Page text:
Intro: Underwater Camera Housing on a Budget.
For some reason, I decided I wanted to be able to take pictures underwater. I looked at waterproof housings and was discouraged by the prices. So I decided to build my own.
Step 1: Materials/Tools
A "T" intersection of 4" PVC pipe
An inset cap
A pair of rubber gloves
A Hose clamp
An old "mini jug" water bottle
and some silicone adhesive/sealant.
I tried super-glue and some marine sealant, but neither performed as well as I'd hoped. There was a lot of head scratching and going "now what?" on this project.
I didn't have a lot to work with.
I had a belt sander, a dremel tool (borrowed), a pair of scissors, my old bench grinder, and a pocket knife.
(sad, I know)
Step 2: Some Assembly Required
I started by shaping the front lens. I traced one end of the T onto the plexiglass and cut out a square as close to the edges of the circle as I could get. I then used the belt sander in a very unsafe manner and rounded off the corners until I had a circular disc of plastic. I also slightly beveled the edges as well as I could with the sander.
The next step was to cut a hole in the back of the "T", opposite the "nose" or "stem of the "T". I didn't do a very good job at first. (I drilled a bunch of holes close together and cut through them with an old coping saw.) I discovered that a dremel tool with a coarse sanding drum on it will go through PVC with no problem.
Now that I had a hole in the back, I could put one hand through to help with the installment of the front lens.
I peeled off the protective film, applied a ring or clear silicone to the PVC and to the plexiglass, and stuck it on! It worked!
I then applied a liberal amount to the outside of the joint as well. Once that was dry, I added a few more layers.
Step 3: Rear Window
So I enlarged the rear window using the dremel tool, and tried a few different materials for the window itself. I ended up cutting up a perfectly good water bottle. It was one of those little jugs that resemble a miniature office water cooler jug.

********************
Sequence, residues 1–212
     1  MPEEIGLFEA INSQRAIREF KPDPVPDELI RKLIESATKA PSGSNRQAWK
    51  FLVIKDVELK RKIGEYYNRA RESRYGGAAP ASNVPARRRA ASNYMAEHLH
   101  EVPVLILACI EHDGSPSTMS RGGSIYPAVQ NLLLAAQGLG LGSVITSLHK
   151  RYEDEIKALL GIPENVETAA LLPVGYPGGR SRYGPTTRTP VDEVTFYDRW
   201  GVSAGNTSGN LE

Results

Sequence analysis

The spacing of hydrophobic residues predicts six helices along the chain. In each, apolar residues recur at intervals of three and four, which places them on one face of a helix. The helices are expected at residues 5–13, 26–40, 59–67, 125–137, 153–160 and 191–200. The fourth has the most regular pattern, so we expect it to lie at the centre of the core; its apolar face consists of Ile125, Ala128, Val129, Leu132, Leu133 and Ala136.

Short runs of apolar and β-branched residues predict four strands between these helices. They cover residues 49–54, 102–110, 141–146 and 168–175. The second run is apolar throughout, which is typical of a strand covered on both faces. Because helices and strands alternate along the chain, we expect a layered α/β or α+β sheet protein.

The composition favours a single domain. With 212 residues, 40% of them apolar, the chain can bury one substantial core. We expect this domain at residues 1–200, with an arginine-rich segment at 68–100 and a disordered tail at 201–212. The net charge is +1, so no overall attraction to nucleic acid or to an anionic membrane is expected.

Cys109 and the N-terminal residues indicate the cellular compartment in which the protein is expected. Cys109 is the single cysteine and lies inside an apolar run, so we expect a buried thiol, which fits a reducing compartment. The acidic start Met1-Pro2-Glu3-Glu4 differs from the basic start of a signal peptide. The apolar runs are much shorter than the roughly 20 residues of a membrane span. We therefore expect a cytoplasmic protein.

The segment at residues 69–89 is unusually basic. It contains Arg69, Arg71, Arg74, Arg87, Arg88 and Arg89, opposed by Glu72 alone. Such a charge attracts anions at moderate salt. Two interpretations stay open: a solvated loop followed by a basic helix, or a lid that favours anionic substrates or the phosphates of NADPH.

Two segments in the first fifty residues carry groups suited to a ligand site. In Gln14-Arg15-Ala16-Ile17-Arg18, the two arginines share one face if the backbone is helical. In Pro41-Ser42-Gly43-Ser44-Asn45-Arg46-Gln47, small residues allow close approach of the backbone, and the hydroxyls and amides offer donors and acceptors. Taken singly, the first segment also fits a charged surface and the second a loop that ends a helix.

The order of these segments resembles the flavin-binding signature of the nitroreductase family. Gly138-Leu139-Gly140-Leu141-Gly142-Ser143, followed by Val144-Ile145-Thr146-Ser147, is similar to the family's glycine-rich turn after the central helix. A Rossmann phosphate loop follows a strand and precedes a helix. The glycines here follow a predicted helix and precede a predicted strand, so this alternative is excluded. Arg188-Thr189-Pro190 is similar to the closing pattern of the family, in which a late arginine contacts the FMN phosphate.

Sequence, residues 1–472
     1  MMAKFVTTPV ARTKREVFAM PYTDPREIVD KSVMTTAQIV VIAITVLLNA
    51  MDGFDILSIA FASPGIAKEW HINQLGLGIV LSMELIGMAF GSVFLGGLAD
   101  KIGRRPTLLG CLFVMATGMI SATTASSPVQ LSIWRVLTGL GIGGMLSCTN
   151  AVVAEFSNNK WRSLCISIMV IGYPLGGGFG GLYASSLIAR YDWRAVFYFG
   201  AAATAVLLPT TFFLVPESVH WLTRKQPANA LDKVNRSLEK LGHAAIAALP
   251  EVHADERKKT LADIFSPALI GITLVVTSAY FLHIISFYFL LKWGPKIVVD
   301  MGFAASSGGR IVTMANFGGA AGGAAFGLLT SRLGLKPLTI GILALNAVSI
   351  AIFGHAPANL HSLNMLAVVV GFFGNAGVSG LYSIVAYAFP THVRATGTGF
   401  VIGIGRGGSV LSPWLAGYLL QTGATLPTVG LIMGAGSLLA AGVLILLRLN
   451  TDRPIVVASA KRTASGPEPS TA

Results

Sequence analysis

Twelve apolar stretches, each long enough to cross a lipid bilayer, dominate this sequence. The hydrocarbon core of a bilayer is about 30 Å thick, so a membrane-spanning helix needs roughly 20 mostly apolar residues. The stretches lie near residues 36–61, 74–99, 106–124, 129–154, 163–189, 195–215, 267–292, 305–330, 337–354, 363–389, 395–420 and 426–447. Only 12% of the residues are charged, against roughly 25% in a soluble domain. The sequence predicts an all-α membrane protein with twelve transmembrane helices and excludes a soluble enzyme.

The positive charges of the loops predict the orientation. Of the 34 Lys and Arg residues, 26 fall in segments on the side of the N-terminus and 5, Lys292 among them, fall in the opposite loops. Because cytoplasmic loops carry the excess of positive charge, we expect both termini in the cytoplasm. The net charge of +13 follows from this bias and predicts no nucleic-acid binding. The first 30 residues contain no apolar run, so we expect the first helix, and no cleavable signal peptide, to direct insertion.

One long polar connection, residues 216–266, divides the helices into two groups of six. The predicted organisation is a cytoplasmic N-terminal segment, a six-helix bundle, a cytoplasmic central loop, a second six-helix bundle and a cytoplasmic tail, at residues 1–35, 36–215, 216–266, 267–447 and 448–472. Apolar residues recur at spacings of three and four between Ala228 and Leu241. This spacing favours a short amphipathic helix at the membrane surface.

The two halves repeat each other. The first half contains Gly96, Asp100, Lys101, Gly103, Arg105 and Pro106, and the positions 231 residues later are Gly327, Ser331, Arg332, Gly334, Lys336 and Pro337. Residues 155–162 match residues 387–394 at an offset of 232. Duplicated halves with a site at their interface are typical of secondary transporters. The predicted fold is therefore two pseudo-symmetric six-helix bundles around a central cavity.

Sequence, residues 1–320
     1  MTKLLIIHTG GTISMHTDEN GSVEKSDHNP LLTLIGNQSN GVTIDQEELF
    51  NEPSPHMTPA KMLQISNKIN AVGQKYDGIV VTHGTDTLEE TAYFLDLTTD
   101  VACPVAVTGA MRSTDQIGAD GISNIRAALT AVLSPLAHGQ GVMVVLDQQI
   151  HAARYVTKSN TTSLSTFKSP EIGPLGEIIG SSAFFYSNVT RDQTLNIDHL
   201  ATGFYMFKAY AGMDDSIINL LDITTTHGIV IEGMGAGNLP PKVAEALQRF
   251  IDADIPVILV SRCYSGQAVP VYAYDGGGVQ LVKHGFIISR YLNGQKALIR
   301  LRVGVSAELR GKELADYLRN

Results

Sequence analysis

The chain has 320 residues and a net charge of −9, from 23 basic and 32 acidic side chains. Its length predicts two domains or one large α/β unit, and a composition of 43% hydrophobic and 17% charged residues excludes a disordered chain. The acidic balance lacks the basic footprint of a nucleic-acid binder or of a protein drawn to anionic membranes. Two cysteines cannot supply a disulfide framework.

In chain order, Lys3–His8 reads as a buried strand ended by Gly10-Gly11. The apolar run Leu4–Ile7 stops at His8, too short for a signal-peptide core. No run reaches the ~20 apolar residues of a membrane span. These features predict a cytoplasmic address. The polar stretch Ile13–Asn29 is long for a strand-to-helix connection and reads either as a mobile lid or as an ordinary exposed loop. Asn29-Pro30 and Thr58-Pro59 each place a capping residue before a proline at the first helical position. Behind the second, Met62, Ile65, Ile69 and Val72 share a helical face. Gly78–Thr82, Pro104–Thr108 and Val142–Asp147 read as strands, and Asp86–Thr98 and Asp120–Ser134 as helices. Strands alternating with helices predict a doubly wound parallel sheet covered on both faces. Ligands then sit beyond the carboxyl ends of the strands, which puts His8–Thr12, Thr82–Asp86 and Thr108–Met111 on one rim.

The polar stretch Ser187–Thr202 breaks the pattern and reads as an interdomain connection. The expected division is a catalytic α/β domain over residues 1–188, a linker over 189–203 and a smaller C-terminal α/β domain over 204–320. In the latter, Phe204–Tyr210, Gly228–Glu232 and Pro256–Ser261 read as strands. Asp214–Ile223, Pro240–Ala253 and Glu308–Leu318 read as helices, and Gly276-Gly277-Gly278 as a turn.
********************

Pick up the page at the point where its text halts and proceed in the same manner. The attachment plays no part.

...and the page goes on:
I cut a rectangular panel out of it, slapped it over the new and improved rear opening, and slathered on the silicone.
With the "optics" taken care of, I then cut a strip off of the wrist of the LEFT rubber glove and glued it rubber side up around the RIGHT side opening of the "T". This is basically a gasket. I also applied a layer of the ubiquitous silicone to help it seal.
Step 4: Does It Leak?
Next I glued and sealed the cap onto the LEFT side opening of the "T". So this just leaves the right side open with that weird gasket around it.
Almost all the controls on a digital camera are for the right hand.
To operate this odd contraption, you stick the digital camera in it, put the right rubber glove on your right hand (Surprise!) reach into the housing with your be-gloved hand to a depth that lets you hold and operate the camera, then fold the rest of the glove over the opening and seal it with a hose clamp.
I eventually added a piece of foam to wedge the camera in place and keep it from flopping around.
So it worked.
I later cannibalized the parts from this project and made a periscope with the housing at the bottom. Will post that at some point.
I have no idea how deep this thing is good for. I've only put it down about 2 feet.
I take no responsibility if you build this thing, it leaks, and ruins your camera. :D
Step 5: Pics.
I took it to a small boat harbor, lay down on the dock, stuck it under the Cold, Cold water, and took pics! Yay!